Android 11 also adds the ability to audit private data access happening within your app. Now your app can see when it (or maybe libraries that it depends upon) accesses data that requires user permission. This API is useful if you have a very large app or use third-party libraries, and you need to better understand how data’s being accessed, either by design or unexpectedly.

Jeremy Walker has a written a Kotlin sample that teaches you how to use the API, including using a separate module/library that accesses data in ways you wouldn’t expect. (Don’t worry, you learn how to identify code like that.)

And so on…

Check out the Blog for an overview of the DP3 release, and the Android 11 Developer Preview site for more information about these DP3 features along with everything else that Android 11 has to offer. And if you haven’t yet tried your app on Android 11, now’s the time; our extended preview period exists to ensure that the final release provides the maximum compatibility and robustness possible, so test it out and let us know if you have any problems.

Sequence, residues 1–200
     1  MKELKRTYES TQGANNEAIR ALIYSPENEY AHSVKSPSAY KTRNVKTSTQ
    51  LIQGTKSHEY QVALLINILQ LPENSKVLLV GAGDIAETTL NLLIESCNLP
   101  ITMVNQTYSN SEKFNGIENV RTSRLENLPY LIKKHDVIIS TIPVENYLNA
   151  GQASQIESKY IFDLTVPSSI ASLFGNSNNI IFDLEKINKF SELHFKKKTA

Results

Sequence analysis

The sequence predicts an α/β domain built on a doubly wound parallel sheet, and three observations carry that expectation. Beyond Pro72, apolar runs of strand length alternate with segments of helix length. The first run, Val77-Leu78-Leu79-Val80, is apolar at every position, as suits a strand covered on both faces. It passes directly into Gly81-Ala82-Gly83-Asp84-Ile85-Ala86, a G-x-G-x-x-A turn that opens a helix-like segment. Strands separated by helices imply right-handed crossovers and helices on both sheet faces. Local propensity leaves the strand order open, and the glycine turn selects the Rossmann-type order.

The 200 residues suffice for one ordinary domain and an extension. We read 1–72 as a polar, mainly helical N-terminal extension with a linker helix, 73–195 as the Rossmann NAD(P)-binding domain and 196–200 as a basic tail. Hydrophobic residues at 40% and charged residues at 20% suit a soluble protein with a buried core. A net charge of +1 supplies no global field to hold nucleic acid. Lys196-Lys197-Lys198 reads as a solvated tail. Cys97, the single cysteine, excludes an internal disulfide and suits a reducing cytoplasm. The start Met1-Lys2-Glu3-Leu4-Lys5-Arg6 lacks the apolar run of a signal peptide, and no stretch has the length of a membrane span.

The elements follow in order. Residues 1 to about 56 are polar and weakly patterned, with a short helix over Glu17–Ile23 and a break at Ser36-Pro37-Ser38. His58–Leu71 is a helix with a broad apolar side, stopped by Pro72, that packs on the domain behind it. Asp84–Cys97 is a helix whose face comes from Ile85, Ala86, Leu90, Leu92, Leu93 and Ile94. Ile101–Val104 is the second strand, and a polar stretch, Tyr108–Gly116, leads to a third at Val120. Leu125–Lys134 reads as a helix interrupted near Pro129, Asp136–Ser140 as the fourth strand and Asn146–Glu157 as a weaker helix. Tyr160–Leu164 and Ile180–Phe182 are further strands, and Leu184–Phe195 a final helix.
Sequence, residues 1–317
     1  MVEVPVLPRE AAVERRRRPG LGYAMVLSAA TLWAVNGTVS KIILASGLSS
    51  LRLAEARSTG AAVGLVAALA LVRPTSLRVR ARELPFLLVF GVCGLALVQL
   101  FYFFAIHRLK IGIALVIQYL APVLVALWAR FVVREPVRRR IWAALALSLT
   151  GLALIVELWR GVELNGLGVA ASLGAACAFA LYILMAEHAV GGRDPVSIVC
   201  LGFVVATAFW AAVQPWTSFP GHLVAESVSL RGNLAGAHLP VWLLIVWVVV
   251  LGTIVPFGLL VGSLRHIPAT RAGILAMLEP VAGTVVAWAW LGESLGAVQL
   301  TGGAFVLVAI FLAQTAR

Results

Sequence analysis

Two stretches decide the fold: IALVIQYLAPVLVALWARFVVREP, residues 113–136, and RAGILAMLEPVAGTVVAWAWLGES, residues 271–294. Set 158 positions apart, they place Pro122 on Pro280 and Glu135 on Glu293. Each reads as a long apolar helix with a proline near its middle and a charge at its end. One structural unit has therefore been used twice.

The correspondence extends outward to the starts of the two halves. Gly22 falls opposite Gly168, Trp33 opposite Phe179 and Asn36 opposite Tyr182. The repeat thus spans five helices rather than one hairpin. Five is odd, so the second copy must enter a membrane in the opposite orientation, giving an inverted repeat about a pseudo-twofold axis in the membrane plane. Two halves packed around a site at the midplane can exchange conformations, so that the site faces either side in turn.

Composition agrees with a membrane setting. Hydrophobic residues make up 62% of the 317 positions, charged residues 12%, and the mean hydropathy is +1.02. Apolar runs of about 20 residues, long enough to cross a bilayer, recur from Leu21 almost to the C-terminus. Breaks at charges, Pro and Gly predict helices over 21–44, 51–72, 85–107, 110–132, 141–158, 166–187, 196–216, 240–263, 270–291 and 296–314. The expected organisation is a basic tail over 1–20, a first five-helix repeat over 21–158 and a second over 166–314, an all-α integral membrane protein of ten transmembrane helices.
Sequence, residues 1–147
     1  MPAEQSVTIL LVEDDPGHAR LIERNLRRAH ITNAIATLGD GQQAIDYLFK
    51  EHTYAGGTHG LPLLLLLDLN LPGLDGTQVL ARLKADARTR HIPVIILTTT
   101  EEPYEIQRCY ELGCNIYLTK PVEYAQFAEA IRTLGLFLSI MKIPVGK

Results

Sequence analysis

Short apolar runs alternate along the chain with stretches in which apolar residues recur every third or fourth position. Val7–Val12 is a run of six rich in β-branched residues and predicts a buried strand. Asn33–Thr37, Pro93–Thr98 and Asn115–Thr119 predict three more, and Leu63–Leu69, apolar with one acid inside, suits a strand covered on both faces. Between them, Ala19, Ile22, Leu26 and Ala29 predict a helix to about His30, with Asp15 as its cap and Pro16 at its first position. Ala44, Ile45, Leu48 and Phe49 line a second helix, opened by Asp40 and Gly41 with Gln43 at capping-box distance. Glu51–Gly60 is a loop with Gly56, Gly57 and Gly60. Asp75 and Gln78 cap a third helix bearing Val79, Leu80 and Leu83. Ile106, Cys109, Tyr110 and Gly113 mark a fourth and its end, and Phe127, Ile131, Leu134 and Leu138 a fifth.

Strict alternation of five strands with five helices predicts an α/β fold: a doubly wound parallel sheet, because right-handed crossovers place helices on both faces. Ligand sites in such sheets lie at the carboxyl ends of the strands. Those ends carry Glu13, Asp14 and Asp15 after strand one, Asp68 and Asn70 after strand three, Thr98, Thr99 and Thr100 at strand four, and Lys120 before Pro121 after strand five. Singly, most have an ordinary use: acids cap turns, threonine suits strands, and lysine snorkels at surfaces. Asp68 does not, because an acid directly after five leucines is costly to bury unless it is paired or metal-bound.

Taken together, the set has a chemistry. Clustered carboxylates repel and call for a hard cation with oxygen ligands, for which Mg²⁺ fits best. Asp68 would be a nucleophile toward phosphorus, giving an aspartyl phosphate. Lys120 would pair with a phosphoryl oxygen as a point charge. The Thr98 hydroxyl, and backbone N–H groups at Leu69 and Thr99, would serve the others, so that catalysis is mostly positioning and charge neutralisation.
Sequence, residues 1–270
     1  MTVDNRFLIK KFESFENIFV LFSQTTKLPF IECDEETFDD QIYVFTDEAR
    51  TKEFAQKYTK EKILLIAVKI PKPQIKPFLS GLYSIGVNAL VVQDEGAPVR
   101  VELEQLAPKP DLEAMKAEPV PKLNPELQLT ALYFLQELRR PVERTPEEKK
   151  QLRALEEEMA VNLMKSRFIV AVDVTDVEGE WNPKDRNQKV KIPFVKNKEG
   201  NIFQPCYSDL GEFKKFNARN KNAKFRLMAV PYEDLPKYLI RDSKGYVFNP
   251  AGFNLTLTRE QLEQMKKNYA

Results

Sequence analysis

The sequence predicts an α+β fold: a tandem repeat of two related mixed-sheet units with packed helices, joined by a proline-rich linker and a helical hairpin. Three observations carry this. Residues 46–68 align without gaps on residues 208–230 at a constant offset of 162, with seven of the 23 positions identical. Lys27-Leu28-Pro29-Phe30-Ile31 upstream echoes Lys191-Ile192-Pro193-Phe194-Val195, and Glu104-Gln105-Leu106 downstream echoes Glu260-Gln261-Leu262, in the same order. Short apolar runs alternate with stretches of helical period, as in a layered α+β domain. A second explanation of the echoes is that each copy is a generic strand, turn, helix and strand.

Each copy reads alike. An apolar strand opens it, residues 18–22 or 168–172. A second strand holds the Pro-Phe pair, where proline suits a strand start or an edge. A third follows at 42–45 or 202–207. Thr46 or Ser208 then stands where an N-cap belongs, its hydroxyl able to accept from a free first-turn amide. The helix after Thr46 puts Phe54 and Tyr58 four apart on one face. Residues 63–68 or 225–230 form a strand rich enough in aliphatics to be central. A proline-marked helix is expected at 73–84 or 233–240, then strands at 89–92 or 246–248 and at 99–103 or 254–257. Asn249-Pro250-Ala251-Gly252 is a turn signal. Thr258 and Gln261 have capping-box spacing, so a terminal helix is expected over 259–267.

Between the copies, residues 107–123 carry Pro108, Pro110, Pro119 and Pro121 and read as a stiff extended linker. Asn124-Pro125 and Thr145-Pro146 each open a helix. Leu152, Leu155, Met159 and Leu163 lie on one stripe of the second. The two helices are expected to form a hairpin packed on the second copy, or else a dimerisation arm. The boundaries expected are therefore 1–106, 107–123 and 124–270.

CameraX Preview

Husayn Hakeem wrote an article showing how to use CameraX to create a simple preview view. Instead of manually managing the surface, configuration, rotation, and everything else, you can ask CameraX to manage it for you. It creates a custom view and manages the surface internally. You can implement useful features like tap-to-focus and pinch-zooming, all without the complexities of dealing directly with the surface that holds the camera feed.